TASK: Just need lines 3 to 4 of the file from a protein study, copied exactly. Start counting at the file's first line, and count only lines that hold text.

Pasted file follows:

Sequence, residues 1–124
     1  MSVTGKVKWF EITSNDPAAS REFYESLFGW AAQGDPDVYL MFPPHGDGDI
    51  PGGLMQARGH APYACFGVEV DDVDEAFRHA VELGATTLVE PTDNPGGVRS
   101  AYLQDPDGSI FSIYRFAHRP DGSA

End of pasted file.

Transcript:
    51  PGGLMQARGH APYACFGVEV DDVDEAFRHA VELGATTLVE PTDNPGGVRS
   101  AYLQDPDGSI FSIYRFAHRP DGSA